2. I took the overall rise and divided that number by 8. Normally, you would divide by 7, but since I'm in a tight space, I went an inch bigger for the average stair height. I got 13.5 - so this means I need 13 steps. 3. So now to figure out the exact rise. I took the overall rise (108 inches or 9 feet) and divided that by the number of treads - 13 to get 8.3 inches. That means the distance from top of tread to top of tread will be 8.3 inches. 4. Now to figure my overlap so I can cut out my treads. I took the overall run (4 feet) and divided that by 12 (the 13th tread is the upstairs loft floor) to get 4". Yes, 4". So I set my carpenter's square to 8.3/4 - I know, it looks funny - and marked out and figured my stairs.
2. I used an online stair calculator (in manual or unrestricted mode for non code comforming stairs, I'm such a rebel, eh?) and it spit out this -
So there's the stringers! I layed out the stringers and cut them (I used 2x10 because that's what I had leftover).
The treads were a little more work.
For this rise and run, I've only got a 4" tread, meaning the loft stairs overlap (using again a 2x10 tread because that's what I have on hand) a full 5-1/4".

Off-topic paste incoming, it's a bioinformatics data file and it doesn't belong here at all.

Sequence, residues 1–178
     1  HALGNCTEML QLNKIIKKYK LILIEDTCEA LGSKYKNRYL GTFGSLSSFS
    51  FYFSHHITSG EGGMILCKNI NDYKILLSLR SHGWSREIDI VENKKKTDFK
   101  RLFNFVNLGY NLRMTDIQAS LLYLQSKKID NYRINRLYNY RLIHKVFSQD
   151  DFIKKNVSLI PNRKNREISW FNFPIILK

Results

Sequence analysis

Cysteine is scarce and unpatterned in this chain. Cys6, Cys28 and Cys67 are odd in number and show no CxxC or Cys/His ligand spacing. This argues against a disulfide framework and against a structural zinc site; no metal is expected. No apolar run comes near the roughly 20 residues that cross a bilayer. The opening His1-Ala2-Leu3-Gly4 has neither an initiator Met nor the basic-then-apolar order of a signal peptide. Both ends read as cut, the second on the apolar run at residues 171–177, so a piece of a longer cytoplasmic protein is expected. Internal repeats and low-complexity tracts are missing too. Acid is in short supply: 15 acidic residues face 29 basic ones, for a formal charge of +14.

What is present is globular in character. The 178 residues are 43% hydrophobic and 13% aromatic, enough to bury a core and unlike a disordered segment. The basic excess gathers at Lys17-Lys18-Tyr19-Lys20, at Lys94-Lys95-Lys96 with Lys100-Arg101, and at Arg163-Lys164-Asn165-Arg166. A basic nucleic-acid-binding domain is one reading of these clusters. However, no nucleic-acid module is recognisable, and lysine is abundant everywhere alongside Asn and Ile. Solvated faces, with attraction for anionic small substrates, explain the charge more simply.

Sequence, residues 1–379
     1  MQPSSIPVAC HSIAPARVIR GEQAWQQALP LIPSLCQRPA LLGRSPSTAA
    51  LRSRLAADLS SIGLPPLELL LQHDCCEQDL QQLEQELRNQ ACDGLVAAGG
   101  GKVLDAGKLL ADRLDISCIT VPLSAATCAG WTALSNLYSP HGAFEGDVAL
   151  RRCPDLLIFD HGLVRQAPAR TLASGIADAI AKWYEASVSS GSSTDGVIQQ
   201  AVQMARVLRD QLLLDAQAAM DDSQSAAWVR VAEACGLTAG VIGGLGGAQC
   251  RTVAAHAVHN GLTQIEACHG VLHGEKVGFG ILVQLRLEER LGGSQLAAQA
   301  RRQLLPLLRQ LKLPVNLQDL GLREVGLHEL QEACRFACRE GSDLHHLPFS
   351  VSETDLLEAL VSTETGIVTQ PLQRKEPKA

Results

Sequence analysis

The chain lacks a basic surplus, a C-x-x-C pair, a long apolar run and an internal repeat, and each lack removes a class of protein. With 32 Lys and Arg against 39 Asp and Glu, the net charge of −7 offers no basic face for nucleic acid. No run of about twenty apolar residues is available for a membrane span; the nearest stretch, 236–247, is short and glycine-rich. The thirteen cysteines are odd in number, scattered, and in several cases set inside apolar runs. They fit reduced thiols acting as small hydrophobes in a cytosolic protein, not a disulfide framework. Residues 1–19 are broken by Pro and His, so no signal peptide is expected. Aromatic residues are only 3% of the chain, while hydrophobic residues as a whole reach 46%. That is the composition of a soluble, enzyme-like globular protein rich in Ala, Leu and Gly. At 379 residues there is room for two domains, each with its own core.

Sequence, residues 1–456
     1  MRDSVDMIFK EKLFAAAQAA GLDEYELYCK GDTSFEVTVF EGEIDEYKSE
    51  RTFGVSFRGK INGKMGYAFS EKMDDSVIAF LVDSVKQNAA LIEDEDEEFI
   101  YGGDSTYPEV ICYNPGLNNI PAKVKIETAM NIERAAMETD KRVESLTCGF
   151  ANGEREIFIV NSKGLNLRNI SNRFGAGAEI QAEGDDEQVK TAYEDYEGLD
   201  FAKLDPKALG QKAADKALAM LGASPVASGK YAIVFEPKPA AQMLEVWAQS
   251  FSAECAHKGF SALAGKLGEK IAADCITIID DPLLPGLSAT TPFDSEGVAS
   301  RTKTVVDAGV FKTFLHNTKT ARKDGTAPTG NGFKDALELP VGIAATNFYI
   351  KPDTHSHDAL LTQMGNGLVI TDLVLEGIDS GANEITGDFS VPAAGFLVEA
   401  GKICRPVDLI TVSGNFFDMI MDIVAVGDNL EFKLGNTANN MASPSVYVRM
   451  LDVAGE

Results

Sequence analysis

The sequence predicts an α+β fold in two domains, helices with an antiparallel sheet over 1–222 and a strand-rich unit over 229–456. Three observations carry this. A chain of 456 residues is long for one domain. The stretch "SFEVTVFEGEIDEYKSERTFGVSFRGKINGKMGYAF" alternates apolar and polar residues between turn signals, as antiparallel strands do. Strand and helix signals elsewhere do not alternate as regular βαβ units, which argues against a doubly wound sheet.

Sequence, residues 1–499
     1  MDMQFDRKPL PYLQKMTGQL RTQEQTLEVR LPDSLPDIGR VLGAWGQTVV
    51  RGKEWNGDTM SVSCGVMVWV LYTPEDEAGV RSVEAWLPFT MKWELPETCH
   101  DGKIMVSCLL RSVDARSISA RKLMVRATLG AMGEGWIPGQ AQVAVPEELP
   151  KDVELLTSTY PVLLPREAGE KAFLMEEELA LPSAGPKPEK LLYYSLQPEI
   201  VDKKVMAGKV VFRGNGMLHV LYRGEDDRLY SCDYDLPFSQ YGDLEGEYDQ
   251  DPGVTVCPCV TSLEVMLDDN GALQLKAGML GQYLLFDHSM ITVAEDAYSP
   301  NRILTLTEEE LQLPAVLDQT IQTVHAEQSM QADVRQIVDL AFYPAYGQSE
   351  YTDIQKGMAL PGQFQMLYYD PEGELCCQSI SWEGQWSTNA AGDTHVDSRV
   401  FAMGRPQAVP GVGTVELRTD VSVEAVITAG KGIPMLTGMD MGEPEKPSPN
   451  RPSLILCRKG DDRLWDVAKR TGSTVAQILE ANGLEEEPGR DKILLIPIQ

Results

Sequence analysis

So I cut 5 -1/4" off of half of the stairs with a jigsaw (leaving 4").
I jigsawed for days. Gave me time to justify the primer colored walls.
The jigsaw will work but it's not the ideal tool for cuting through 1-1/2" thick douglas fir. A scroll saw or band saw would have been nice. But when you are out in the woods, you can't be picky. You gotta just work with what you have and be thankful you aren't holding a handsaw.
So I then sanded for days. It was actually more like a few hours, but it felt like days.
Now to see if it all fits.
I decided to not notch into my stringers, and instead just marked on the insides where the stairs would be placed. This leaves a skirt on the sides of the treads, hopefully helping to keep feet on the treads (and will give me something to add a railing handle to later on).
That moment when you realize your crazy project just might work.
I screwed the treads to the stringers. I decided I'd wait and see if I needed to add blocking underneath the treads for additional support. The best way to do this would have been to notch out for each tread, but we just didn't have the time at this point.
To protect the loft stairs, we brushed on several coats of Varathane Crystal Clear, an an additional coat on top of the stair treads for added durability.
Waiting for clear coat dry is even worse than waiting for water to boil. You just have to go do something else because it will not dry, not ever, if you sit there and watch it.
So the next day, we put the loft stairs in place,
And the moment of truth -
What the heck??? They actually work!!!
I'd do a happy dance, but the rules are, right foot, left foot, right foot - no dancing aloud on these stairs.
These loft stairs ended up being the perfect solution for our needs at our cabin. I wouldn't use this design for a standard set of stairs in a home, but for this application, they work perfect.
Have an awesome day!